Life is cheap. That’s war.

WWI and WWII is something I’ve found fascinating my whole life. Nowadays with films on demand thanks to YouTube, Netflix, The Smithsonian et al, there’s an abundance of stuff to watch. Gone are the days where you’d have to wait all week for the next episode.

Watching the PBS series “American Experience: The Great War” about WWI is probably the best footage I’ve ever seen on that war. However, it’s the horror of how many died and the ways in which they died that is the big takeaway. A million dead at the Somme? That’s beyond comprehension. Gas attacks. Machine guns. Trench warfare. Soldiers mowed down as if they were nothing.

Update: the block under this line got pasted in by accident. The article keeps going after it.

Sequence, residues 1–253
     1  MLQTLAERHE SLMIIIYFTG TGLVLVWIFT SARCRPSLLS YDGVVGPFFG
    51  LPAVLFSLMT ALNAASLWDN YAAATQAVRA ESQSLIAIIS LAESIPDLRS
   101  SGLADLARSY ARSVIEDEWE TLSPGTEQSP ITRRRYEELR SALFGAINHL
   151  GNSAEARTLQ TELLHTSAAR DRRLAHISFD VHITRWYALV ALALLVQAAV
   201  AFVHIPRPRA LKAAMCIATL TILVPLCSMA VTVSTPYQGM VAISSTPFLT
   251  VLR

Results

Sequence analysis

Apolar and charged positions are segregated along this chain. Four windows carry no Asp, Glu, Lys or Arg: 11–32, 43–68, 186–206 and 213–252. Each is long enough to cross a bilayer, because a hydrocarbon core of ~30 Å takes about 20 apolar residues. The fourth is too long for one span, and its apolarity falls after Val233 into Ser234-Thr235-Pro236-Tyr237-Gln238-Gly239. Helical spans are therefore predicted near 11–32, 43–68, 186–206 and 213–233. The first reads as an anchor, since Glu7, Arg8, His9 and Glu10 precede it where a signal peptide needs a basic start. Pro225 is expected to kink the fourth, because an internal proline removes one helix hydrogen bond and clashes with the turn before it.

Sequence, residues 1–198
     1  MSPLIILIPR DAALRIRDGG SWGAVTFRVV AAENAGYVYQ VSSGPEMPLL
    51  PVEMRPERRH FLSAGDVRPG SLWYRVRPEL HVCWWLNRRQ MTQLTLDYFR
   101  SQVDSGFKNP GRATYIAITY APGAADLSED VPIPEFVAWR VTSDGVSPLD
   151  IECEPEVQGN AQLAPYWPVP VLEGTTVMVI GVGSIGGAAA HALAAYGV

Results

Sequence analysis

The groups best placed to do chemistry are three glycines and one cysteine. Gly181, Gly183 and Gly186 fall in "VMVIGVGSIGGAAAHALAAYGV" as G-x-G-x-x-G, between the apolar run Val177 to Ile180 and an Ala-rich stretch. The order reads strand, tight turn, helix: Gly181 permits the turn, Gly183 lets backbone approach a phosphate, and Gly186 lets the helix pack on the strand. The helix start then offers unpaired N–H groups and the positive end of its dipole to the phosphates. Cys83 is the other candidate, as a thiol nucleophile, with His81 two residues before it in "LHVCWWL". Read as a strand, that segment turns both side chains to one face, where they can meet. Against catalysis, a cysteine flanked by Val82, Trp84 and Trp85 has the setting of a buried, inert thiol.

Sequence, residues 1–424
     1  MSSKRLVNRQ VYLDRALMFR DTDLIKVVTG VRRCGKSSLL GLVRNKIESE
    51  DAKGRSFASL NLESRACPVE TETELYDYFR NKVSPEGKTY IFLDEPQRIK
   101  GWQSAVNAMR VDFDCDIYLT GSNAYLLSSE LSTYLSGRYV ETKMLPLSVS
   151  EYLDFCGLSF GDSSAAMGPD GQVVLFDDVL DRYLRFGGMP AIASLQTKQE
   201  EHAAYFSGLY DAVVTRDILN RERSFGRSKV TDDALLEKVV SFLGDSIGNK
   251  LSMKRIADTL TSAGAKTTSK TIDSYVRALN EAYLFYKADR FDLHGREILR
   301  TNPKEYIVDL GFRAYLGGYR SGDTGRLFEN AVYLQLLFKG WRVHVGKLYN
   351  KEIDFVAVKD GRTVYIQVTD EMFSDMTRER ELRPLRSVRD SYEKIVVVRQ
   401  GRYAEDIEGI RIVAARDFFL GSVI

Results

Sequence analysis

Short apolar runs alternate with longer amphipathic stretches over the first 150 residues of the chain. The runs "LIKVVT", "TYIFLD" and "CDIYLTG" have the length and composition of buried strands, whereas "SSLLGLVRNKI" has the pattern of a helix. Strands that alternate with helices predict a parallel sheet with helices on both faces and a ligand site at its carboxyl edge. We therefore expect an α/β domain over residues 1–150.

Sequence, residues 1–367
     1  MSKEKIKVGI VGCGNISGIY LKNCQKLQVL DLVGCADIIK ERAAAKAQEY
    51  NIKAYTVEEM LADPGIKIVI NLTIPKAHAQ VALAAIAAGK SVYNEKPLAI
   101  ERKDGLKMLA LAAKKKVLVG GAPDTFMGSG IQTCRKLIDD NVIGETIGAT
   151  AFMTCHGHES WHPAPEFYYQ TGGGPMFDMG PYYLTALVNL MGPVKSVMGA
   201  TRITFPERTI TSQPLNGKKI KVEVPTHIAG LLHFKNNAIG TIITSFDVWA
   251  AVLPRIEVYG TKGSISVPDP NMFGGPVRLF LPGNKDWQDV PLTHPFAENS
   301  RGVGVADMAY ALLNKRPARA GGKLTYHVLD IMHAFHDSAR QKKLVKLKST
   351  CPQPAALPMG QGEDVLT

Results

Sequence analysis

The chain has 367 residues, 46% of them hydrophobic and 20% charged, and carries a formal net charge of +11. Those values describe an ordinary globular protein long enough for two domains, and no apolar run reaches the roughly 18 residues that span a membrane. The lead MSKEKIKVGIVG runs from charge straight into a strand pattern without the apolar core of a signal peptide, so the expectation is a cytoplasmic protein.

Smithsonian: America in Color episodes

Awhile back, I watched “America in Color: The 1920s” and now “America in Color: The 1930s” is showing on the Smithsonian channel. These are wonderful films with the colorization skillfully done. It’s fascinating to see the country and people as it once was and in reality, it wasn’t all that long ago. Like crops of wheat, all those people (well at least the adults shown) are long dead. Their work is what lives on, be it the Golden Gate Bridge or the Wizard of Oz.